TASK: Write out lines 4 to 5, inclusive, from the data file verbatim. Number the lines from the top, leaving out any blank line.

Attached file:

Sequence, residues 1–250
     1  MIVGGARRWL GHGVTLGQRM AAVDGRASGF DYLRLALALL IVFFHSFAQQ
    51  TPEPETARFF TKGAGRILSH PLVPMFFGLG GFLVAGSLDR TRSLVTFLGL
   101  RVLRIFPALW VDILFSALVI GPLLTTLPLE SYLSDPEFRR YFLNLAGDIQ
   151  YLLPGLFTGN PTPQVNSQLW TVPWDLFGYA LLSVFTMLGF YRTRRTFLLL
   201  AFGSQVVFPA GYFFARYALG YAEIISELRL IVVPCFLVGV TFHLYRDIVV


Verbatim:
   101  RVLRIFPALW VDILFSALVI GPLLTTLPLE SYLSDPEFRR YFLNLAGDIQ
   151  YLLPGLFTGN PTPQVNSQLW TVPWDLFGYA LLSVFTMLGF YRTRRTFLLL